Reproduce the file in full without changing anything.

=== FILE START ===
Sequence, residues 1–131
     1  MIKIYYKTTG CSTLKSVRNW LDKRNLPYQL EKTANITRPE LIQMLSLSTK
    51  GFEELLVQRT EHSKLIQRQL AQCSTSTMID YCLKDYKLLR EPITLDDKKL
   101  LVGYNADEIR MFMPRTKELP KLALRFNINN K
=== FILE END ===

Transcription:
Sequence, residues 1–131
     1  MIKIYYKTTG CSTLKSVRNW LDKRNLPYQL EKTANITRPE LIQMLSLSTK
    51  GFEELLVQRT EHSKLIQRQL AQCSTSTMID YCLKDYKLLR EPITLDDKKL
   101  LVGYNADEIR MFMPRTKELP KLALRFNINN K